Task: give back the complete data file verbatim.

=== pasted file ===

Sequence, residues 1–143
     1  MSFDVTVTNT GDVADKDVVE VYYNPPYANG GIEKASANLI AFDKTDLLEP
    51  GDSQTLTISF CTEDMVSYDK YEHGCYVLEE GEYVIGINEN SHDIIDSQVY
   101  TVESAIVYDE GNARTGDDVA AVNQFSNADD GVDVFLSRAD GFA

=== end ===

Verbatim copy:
Sequence, residues 1–143
     1  MSFDVTVTNT GDVADKDVVE VYYNPPYANG GIEKASANLI AFDKTDLLEP
    51  GDSQTLTISF CTEDMVSYDK YEHGCYVLEE GEYVIGINEN SHDIIDSQVY
   101  TVESAIVYDE GNARTGDDVA AVNQFSNADD GVDVFLSRAD GFA